Where have the moderates gone?
Many want to point the finger at simple ideological differences as the reason behind ever-growing polarization and the apparent disappearance of the political middle. Individual, ideological differences and growing intolerance have undoubtedly contributed somewhat to the polarization we are experiencing.
However when looking at political trends in recent decades, we can see that it is a much deeper and more systemic problem driving our divisions and thus pushing out moderates. Our political system has changed so drastically in the last few decades, it has become almost impossible for the political moderate to survive and much easier for partisan extremists to thrive.
Moderates have been absent from the political process altogether
The problem with the lack of moderate candidates in political races starts from the very beginning of the political process: political engagement from citizens. Political engagement from citizens can include voting, volunteering for a political campaign, attending a campaign event, or contacting a candidate or elected official. According to Pew Research, on every measure of political engagement, researchers have found that, “political participation is strongly related to ideology and partisan antipathy; those who hold consistently liberal or conservative views, and who hold strongly negative views of the other political party, are far more likely to participate in the political process than the rest of the nation13.” Put simply, the most polarized among us are those that are more likely to get involved in the political process. What this creates is what Pew Research describes as the “U-shaped pattern” effect, as seen in both Tables 3 and 4. There are higher levels of political engagement from each end of the political spectrum, leaving much lower levels of political engagement at the ideological center.
Political engagement matters. More specifically, voting, and who exactly shows up to vote matters. As seen in Table 4, the most ideologically extreme among us are the ones who turn out to vote. Yet when voters are asked about primary participation, the percentages shrink. While those who fall into the political middle say they always show up to vote 39% of the time, less than half, 18%, say they always show up to vote in a primary election as seen in Table 514. Candidates and their election teams are aware of how extreme their voting base is, so it greatly effects the type of campaign candidates run and the policy platforms they choose to run on.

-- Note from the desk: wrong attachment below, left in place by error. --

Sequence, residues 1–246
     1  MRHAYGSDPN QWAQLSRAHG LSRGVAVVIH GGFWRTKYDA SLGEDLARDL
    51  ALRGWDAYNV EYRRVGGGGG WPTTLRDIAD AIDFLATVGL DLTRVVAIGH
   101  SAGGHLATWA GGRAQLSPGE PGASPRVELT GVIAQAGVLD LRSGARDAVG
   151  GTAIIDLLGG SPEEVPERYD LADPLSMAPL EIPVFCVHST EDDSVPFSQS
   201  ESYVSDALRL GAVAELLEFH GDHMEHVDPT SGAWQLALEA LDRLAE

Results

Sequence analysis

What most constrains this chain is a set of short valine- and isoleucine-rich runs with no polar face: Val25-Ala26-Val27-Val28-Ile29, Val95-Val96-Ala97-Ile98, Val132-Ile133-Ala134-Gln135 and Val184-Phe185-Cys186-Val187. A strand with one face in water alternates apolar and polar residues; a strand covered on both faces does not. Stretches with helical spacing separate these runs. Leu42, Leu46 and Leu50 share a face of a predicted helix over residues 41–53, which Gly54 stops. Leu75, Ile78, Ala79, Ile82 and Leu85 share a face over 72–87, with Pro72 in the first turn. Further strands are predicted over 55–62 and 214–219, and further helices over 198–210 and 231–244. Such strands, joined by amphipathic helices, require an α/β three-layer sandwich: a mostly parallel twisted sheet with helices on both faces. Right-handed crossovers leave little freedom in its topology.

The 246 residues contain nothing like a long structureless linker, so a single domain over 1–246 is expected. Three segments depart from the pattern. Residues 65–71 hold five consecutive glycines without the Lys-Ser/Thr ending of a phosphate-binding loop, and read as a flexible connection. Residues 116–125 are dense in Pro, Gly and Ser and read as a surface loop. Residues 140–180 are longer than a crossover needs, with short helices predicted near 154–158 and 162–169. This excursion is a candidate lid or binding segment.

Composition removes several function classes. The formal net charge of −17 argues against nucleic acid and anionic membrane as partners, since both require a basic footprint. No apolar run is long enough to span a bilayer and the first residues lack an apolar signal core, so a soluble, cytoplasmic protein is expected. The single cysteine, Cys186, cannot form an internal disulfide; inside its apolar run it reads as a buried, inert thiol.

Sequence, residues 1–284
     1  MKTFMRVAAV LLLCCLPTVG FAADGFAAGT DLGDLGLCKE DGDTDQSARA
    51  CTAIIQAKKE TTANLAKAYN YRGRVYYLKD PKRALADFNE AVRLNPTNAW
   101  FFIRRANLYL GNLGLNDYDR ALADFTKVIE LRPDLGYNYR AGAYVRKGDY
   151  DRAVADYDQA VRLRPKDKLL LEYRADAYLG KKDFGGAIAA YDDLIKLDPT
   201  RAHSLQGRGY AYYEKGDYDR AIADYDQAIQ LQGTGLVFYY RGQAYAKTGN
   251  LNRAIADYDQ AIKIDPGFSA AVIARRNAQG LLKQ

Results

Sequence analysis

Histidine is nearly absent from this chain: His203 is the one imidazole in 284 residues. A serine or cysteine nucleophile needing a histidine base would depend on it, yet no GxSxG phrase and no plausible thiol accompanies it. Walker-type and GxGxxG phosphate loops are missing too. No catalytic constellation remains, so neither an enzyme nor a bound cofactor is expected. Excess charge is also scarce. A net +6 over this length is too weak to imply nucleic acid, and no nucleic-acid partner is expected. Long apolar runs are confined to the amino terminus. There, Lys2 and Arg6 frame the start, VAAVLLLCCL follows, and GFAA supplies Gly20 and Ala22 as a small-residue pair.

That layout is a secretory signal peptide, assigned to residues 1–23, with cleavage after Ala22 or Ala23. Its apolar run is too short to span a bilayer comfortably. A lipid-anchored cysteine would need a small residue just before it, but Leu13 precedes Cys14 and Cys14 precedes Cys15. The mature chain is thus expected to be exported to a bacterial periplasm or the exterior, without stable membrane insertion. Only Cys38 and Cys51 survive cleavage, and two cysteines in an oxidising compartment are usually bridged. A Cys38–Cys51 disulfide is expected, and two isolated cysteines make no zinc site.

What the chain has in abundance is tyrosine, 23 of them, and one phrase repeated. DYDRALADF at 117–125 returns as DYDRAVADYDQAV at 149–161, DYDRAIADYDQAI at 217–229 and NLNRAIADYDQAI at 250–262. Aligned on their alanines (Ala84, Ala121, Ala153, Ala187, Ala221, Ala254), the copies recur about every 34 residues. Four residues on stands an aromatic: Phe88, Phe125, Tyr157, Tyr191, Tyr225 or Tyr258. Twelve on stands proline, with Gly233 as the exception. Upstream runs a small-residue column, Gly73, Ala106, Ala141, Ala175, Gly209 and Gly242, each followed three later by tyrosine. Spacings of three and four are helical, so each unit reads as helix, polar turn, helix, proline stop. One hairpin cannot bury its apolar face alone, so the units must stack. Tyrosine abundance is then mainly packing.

In the United States, the primary election has become just as, if not more important than general elections, so much so that primary elections in many areas are referred to as the election15. As will be discussed in a later section of this analysis, political parties have lost their traditional influence to vet and groom candidates of their liking16. Typically, the party wanted to choose candidates that would appeal to the political center as to garner as much support for their candidate as possible in the general election. But as primaries have become dominated more and more by extreme candidates and interest groups, moderates have been left unrepresented, as there is less of an incentive to cater to their interests17.
One of the main culprits of this “the primary is the election” system we have found ourselves in is gerrymandering. Every 10 years, Democrats and Republicans take advantage of redistricting to gain or keep their grasp on political power. With one click of a mouse, political parties can guarantee victory in certain districts for the next decade18. This creates districts where one party rules without fear of being voted out. Candidates who run in this kind of district have no incentive to appeal to a wide range of voters, since they only have to win over their most dedicated, partisan supporters in the primary elections. Then once they clinch the primary, there is no real race in the general so long as they are a candidate of the “ruling” party that is favored by gerrymandering in that district. Therefore, there is no reason to waste time and valuable resources pandering to centrist voters if only pandering to loyal partisans will ensure an election win.
The Fall of the Traditional Party Structure
Political parties in the United States, namely the two main ones, Republicans and Democrats, have welded immense power for decades. They were a vital part of any candidates’ success or failure. Parties were responsible for finding and preparing candidates deemed as suitable, developing party platforms that all candidates would follow, organizing support for individual candidates, and most importantly, making sure these candidates had broad support from not only strong supporters from their own party, but more moderate members and independent voters19. Parties were essentially working as middlemen using their influence to vet potential candidates to fall in line with party messaging and discouraging anyone who got too far off message20. Recently however, this power has been fading and fading fast and bringing any incentive to appeal to the political center along with it.